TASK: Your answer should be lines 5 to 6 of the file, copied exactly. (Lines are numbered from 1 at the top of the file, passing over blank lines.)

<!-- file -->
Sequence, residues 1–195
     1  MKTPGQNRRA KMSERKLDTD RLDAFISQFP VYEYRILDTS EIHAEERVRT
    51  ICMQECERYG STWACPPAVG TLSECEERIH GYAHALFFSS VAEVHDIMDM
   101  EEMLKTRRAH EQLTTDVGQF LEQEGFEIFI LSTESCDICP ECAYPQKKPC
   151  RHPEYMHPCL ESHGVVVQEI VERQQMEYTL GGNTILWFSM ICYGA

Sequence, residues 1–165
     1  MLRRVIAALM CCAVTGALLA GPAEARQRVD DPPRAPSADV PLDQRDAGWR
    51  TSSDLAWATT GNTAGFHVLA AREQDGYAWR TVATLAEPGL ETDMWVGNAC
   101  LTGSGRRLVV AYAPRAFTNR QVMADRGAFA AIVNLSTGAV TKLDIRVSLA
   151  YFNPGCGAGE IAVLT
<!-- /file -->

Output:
   151  RHPEYMHPCL ESHGVVVQEI VERQQMEYTL GGNTILWFSM ICYGA

Sequence, residues 1–165